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NBA Finals: LeBron James, Cavs inch towards a new immortality in Game 3 win over the Warriors

LeBron James keeps piling it on

Bob Donnan-USA TODAY Sports

Against this Golden State Warriors team, every single point the Cleveland Cavaliers can muster is a war. Whether it's off an offensive rebound, or a grinded out free throw, or any type of shot Matthew Dellavedova makes, it all feels hard. It's LeBron James and guys on the floor (oftentimes literally) maximizing any and all offensive skills they might bring to the table.

In two games since Kyrie Irving went out, it's been enough. LeBron James has been enough. He's been limping, he played 46 minutes in Game 3. He made four of four free throws in the final minute to withstand a furious Stephen Curry rally. 40 points, 34 shots, 12 rebounds, eight assists, four steals, two blocked shots, and just four turnovers. And you felt it all. He felt it all. Andre Iguodala, Harrison Barnes, they tried. And LeBron James missed a lot of shots. But James' grip on the game never wavered.

The Cavs now stand two wins away from their first NBA championship. As thrilling and impressive as this game was, that still feels like a tall order. The Cavs are grinding, and they're paying for it. Iman Shumpert, playing through a groin injury, injured his shoulder but played through it. He was laboring. There are still a possible four more games to play, and it's fair to wonder what these players have left. For James and his teammates, incredible sacrifice must still happen. At a certain point, though, they've come this far. You just keep going until they tell you you've done enough.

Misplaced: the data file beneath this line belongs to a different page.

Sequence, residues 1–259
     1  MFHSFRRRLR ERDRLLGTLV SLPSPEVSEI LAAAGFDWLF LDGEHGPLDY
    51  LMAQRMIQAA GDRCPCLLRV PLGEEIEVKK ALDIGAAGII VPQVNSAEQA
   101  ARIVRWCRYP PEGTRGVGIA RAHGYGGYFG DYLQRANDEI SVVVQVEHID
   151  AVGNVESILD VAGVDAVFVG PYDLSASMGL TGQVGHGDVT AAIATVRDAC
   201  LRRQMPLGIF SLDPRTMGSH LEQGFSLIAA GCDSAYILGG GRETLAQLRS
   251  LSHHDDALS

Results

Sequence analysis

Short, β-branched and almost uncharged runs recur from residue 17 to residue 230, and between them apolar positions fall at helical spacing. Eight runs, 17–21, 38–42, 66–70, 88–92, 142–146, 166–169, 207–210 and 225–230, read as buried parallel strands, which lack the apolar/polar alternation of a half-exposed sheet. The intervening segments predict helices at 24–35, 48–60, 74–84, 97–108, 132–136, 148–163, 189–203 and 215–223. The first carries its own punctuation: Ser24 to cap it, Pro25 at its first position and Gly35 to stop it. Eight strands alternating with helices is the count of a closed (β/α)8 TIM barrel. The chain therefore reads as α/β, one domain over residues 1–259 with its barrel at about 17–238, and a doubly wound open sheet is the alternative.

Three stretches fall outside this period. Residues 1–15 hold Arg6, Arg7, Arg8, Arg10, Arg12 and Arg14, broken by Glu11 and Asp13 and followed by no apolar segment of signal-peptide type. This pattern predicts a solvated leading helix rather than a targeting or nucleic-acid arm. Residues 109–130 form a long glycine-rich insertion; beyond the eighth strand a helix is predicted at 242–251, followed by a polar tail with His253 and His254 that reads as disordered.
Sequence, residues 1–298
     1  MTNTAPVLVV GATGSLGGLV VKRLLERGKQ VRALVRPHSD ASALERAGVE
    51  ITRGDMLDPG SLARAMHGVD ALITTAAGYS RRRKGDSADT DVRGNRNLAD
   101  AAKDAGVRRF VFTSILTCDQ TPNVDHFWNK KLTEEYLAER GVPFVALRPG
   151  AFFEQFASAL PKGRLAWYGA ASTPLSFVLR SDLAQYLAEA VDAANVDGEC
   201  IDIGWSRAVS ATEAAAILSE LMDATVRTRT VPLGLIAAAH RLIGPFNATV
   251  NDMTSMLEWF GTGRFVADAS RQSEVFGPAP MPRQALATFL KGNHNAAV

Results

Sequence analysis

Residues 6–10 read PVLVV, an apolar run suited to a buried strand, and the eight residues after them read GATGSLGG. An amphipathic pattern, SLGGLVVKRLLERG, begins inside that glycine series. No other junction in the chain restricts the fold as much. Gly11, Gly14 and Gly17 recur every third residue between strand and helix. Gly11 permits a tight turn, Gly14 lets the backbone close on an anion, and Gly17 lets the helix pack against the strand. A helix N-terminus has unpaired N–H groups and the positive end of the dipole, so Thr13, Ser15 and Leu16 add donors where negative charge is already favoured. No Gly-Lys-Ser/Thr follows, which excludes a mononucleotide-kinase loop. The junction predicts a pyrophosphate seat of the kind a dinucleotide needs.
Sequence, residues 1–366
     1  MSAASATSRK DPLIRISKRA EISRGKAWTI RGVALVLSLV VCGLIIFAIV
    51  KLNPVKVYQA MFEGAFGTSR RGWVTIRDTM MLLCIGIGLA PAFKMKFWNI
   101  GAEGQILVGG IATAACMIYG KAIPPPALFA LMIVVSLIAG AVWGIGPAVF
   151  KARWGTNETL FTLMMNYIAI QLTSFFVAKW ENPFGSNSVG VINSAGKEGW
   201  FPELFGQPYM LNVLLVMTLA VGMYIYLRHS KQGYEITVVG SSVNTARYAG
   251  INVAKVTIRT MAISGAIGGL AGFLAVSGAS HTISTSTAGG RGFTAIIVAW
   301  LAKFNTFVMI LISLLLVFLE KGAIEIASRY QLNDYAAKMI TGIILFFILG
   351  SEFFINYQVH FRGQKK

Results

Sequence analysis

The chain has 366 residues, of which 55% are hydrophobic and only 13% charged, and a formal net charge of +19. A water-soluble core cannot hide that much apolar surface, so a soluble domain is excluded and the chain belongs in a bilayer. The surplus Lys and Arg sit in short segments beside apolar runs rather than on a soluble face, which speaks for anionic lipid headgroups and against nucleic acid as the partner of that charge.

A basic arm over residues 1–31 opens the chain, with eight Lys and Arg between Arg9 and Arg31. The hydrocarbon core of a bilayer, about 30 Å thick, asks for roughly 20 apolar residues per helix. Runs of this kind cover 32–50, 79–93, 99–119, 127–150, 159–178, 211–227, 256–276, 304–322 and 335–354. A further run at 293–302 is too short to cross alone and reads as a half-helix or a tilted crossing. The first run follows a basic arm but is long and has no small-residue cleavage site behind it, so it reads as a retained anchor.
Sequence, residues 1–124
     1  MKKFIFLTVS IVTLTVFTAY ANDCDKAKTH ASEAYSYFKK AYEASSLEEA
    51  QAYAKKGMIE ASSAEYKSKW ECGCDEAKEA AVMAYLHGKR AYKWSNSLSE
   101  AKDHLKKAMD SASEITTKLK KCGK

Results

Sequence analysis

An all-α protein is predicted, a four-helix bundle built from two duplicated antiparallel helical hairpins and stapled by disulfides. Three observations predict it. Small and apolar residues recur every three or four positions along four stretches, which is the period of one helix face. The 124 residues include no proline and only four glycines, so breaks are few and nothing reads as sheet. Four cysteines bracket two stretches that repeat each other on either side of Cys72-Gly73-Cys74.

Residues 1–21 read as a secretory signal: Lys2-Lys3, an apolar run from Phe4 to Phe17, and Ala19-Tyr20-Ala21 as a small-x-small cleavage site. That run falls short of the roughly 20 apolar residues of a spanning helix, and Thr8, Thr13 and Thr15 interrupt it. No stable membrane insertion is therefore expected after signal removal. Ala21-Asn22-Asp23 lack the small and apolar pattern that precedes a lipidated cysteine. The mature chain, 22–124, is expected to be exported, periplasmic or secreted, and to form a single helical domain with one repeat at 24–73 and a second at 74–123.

LeBron James may be telling himself that. He's getting timely help. Tristan Thompson has played a major role in taking Warriors x-factor Draymond Green out of the series, shooting woes be damned. Timofey Mozgov has used his size expertly, and played smarter than Andrew Bogut at times. Few guessed that would happen coming into the series.

J.R. Smith and Iman Shumpert have made just enough shots, though in Smith's case you hope there is something left in the reservoir to draw from. Shumpert's hands and energy defensively are as big a story in these playoffs for the Cavs as anything, but he's suffered mental lapses offensively. With some of these guys, you take the bad in stride and just wait and hope for whatever they can give, whenever they can give it. It's fun to say "next man up", but at this point the men up are what's left.

James has been posting up, he's now made five three pointers in the two Cavs wins in the Finals. He forces his way to the line, he pounds the ball. It feels like a football game at times, LeBron James running the ball, and Thompson or Dellavedova or anyone coming up with an offensive board or loose ball to run it again, get a new set of downs. The Cavs get another chance, and the Warriors can't get out and run.

His usage rate is off the charts, on a level that only Russell Westbrook has approached, and he's maintaining an efficiency that keeps the Cleveland basketball team afloat. The team defense is incredible, but the Cavs are playing capable defenders. Thompson and James Jones each finished with 10 points. Dellavedova notched 20. When those guys are your secondary scorers and you are winning games in the NBA Finals, well, there isn't much context necessary to explain just how rare and special this team is. Or how rare and special LeBron James is.

Two wins. Two wins separate the Cavs and LeBron James from a title for the city, from a title that can cement a spot in a conversation about just who the top three or four basketball players of all time are. And the voices comparing him favorably to the man on top, who tortured the Cavs of yesteryear, will get ever louder. What's good for LeBron James is, once again, good for Cleveland.